Hi! I am so thrilled about the response to LYING BENEATH THE OAKS! You guys have been amazing and so supportive. Some readers have told me in their reviews that they wish there was "more," that they wanted to hear more about Molly than what we could fit in the published story. CAUTION: MAJOR SPOILERS AHEAD. If you haven't read LYING BENEATH THE OAKS, please stop here and come back when you have.
(Did you stop? You're not going to ruin the story for yourself, are you? Good.)
Originally, each of the story's chapters were separated by little snippets of Molly's life when she was a teenager before she left Michigan. The book flowed better without them, so I took them out, but I'm happy to share the first two of them here, right now. I'll do two each week until I run out. Again, last chance to bow out before you run across some spoilers! Thank you all so much for reading, and here you go (have mercy on me -- these are unedited and unpublished):
SIXTEEN YEARS AGO
Shameka held out a hand to me.
“Come on, lazy ass. Mr. Rice is going to kill you if you say you can’t change for gym again.”
I waved her hand away, clutching the splintery locker room bench with the other. She meant well, but I flinched at hands outstretched toward me. They never meant good things. I couldn’t change for gym, not today or any time this week. If I did, they’d see. Thank Whoever for Michigan’s cold weather. I needed the coverage of the jeans. The long sleeves, too. The lowered grade didn’t matter. My highest hope was a diploma and a good retail job.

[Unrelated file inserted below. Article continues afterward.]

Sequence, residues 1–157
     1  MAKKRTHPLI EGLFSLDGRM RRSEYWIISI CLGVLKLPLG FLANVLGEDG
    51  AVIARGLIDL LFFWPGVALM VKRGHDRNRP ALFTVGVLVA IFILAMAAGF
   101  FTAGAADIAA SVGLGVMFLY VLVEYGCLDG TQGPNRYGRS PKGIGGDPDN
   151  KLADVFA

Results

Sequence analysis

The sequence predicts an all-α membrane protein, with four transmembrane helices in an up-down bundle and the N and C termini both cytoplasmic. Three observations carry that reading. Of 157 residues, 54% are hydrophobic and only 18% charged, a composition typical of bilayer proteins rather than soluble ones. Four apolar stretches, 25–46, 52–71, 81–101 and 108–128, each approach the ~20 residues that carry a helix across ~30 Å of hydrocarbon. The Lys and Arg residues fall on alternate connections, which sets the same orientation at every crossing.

Shameka was as close a friend as I had, but that wasn’t saying much. To have a friend, you had to talk. Had to share pieces of who you were, and I could never do that. I’d offended her today. Her smooth skin wrinkled as she absorbed the rejection and turned away.
“Okay. Fine. Do what you want.”
I watched her go, unblemished legs on display in the school-issued shorts. Friendship required regular watering, and I’d long since been wrung dry. She was patient with me, but soon she’d move on. With so much I couldn’t say, I took more friendship than I could give.
It was the giving that really mattered.
I knew that, even while I held it all in.
SIXTEEN YEARS AGO
“Slut. Where you been?” Her voice, ruined by cigarettes and other things, hissed from the stained Barcalounger in the corner like smoke. She sat drinking in the dark, coiled to strike. The sticky sweet scent of peach Schnapps combined with menthol Camels, burnt fish sticks, unwashed body, and overflowing garbage, making me gag.
“Great. Give me the money. We need groceries.” Groceries weren’t what she wanted. The Schnapps bottle lay empty on its side on the floor.
“I don’t have it, Ma. I don’t get my paycheck until the end of the month.”
The air shifted. In the dim light, she stood, hidden strength in her slack, wasted body. I put the ancient sofa between us; I knew better than to let her get close enough to reach me.
An ugly bark of a laugh sent the smell of her decayed teeth and the Schnapps into my face. I could smell my mother anywhere.
“You wanna play that way? You got a real job with a paycheck? Play away. You better get me $50 by tomorrow. I need it. I don’t give a shit how you get it. Told you before: them boobs ain’t for nothing.”
I only had one thing anybody would pay $50 for.
It was a game I played.
How long I could keep from selling it.
the darkest web:
The Darkest Flower:
Lying Beneath the Oaks: